Dr. Nabil Ahmad is a cardiologist who has been practicing medicine in Cleveland, Texas, for over 19 years. Dr. Ahmad earned his medical degree from King Edward Medical University and completed his residency in internal medicine at Washington University. His fellowship was in cardiovascular disease at the University of Texas Medical Branch Hospitals. Dr. Ahmad is certified by the American Board of Internal Medicine in Internal Medicine and Cardiovascular Disease and by the American Board of Obesity Medicine in Obesity Medicine. Dr. Ahmad is affiliated with Emergency Hospital Systems and can be reached at: firstname.lastname@example.org
Take control of your heart health by learning more about congestive heart failure, which affects millions worldwide. Share this information with your loved ones and neighbors to create more robust and healthier communities.
More than 6 million people in the US suffer from congestive heart failure. It is also considered the leading cause of hospitalization in people over 65. Following is an interview with Dr. Ahmad, where he explains in detail and clarity the symptoms, causes, treatment, and prevention of congestive heart failure.
What is congestive heart failure, and what are its symptoms?
Congestive heart failure is when the body retains fluid, and patients develop symptoms because of this. The most common symptoms include leg swelling, trouble breathing, fatigue, dizziness, and sometimes rapid heart racing.
What are the risks factors for congestive heart failure?
Congestive heart failure is usually associated with patients with high blood pressure, diabetes, and heart disease. It is also common in people who suffer from sleep apnea. Typically, this condition happens more frequently in people as they age.
Does congestive heart failure present in the same way in all patients?
There are two types of congestive heart failure. In the first type, the heart pumps slowly, so the blood returning to the heart cannot be combined, so it goes back to the lungs, and legs, causing trouble breathing, swelling of the belly, or swelling of the legs.
The second type is systolic congestive heart failure which is more concerning and severe. In this type, the heart pump becomes weak, and the heart cannot pump blood to the body’s major organs, such as the brain, kidney, and liver. As a result, the blood returns to the lungs and the rest of the body. This type is more problematic and has the worst survival rate. If you feel like you have fatigue, shortness of breath, and swelling in your legs, and if you can’t do the things you did in the past, you should see your physician and be evaluated for congestive heart failure.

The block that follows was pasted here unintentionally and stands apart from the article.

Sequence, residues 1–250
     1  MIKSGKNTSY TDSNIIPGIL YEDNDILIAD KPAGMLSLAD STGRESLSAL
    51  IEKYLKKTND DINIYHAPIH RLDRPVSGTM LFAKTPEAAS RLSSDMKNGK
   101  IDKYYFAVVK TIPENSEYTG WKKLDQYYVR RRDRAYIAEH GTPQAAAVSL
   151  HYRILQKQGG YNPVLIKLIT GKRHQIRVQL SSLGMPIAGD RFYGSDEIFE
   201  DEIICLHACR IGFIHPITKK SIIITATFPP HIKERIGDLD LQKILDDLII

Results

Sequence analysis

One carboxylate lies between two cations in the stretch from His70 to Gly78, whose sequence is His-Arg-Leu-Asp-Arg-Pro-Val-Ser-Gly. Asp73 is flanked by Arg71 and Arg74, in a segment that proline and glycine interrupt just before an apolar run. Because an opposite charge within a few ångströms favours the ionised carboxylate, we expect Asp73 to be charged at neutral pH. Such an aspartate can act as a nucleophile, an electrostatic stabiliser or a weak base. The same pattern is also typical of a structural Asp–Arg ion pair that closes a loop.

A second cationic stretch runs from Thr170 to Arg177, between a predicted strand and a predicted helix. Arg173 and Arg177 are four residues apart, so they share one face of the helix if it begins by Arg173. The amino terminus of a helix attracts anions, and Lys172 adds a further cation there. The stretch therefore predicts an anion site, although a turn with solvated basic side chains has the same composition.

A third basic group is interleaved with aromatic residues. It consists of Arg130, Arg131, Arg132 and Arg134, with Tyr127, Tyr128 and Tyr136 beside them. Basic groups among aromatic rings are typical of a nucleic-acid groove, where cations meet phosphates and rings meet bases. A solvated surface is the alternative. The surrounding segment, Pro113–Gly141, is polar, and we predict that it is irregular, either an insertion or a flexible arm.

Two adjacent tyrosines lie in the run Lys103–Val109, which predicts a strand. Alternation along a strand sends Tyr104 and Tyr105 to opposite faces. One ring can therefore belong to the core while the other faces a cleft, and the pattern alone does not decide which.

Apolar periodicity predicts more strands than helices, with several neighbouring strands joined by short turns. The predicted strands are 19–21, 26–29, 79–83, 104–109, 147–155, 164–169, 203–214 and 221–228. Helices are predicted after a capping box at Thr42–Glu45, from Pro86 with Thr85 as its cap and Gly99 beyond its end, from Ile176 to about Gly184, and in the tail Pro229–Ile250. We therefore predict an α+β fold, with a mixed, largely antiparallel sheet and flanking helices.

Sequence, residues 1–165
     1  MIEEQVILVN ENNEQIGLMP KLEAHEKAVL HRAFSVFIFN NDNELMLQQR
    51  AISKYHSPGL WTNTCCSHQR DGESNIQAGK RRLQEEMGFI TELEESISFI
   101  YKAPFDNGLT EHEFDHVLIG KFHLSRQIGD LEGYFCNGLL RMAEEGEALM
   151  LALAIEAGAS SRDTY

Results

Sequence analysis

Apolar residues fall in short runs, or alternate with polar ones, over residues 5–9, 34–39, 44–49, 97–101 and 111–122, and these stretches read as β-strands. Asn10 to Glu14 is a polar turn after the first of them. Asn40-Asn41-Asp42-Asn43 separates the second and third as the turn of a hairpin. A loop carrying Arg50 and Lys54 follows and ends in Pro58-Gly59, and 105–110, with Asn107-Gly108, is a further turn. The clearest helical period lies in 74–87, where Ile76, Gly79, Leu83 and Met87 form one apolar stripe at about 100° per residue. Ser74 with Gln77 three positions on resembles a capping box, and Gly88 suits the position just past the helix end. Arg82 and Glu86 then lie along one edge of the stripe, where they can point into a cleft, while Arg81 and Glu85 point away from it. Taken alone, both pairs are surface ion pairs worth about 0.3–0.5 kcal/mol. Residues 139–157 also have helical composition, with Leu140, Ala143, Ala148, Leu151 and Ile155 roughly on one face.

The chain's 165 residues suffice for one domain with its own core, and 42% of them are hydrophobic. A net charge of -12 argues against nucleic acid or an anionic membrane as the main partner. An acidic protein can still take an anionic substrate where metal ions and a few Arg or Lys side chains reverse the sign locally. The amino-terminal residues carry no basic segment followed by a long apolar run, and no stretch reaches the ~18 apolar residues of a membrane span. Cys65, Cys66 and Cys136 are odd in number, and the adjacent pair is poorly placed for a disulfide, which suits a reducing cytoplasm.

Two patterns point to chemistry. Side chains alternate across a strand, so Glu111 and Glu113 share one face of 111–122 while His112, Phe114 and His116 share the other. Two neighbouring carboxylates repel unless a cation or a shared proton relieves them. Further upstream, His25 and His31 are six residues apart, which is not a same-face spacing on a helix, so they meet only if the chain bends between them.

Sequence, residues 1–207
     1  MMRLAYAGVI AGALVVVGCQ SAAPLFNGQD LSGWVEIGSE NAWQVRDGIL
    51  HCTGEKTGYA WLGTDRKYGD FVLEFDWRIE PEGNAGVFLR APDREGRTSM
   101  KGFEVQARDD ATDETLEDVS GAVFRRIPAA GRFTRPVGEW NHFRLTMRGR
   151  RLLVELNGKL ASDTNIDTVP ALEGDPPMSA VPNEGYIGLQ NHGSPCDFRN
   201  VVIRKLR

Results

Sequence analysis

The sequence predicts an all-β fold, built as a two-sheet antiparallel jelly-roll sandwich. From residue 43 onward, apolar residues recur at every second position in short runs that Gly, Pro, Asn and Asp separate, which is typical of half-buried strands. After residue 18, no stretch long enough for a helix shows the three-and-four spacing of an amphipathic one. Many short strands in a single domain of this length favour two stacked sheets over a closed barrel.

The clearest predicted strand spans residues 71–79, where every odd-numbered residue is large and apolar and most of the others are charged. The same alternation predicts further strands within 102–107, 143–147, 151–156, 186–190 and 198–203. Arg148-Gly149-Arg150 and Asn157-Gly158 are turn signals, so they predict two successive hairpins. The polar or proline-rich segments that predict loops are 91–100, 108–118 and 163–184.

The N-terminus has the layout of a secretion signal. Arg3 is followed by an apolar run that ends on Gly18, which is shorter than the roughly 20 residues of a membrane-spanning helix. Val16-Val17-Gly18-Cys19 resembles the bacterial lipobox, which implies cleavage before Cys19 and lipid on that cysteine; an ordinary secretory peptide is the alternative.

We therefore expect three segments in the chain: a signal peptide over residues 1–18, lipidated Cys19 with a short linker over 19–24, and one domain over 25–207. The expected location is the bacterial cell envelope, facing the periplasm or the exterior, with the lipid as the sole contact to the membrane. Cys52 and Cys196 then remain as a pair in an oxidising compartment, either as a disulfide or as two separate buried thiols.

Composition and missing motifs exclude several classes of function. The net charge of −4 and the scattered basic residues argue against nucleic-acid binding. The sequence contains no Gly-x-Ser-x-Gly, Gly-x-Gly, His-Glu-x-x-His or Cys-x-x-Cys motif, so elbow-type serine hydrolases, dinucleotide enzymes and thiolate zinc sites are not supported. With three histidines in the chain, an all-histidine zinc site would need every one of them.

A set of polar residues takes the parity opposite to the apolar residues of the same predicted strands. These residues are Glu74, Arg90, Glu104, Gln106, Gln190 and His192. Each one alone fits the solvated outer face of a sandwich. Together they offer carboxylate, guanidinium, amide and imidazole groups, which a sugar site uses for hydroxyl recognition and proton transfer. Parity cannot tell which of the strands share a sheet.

How is congestive heart failure diagnosed?
The diagnosis of congestive heart failure is made based on a clinical diagnosis. However, we can use specific tools for the diagnosis, such as an electrocardiogram (EKG), echocardiogram (an ultrasound image of the heart), and sometimes an ultrasound of the legs and chest X-ray.
What is the treatment of congestive heart failure?
Once we determine that you have congestive heart failure, there are two aspects of treatment. First, we must find out why you develop congestive heart failure. For example, if your congestive heart failure is associated with uncontrolled high blood pressure, your congestive heart failure will likely improve significantly if we control the blood pressure better. Suppose congestive heart failure weakens the heart muscle because of excessive blockages in the heart. In that case, we will remove those blockages to open the circulation of the heart, so the heart pump will likely get better.
The second aspect is treating the symptoms. We treat fluid retention with diuretics and water pills; we get medications like better blockers that relax the heart so it can pump more efficiently.
Sometimes congestive heart failure is associated with weakening heart muscles, and that can be dangerous because it can lead to fast, irregular heart rhythms, which could lead to passing out. Sometimes people can also develop sudden cardiac arrest, which is a very serious condition.
Can you prevent congestive heart failure?
Congestive heart failure can be prevented. If you have high blood pressure, you should ensure it is under control, and if you have diabetes, it should be well controlled. You must screen for cardiac disease. If you have sleep apnea, you want to make sure you get treatment for that, and you want to make sure your cholesterol is good. It is also recommended to exercise and maintain a low-salt diet.
Sometimes you don’t feel or notice the swelling in your legs because it can be hidden in other parts of the body, so gaining weight is a good way to assess fluid retention because weight gain occurs before you notice fluid in your body.
To summarize, congestive heart failure is a condition that is more common in people as they age. It is more likely in patients with high blood pressure and cardiac disease. It can be associated with sleep apnea. If you have any of these symptoms, visit your doctor.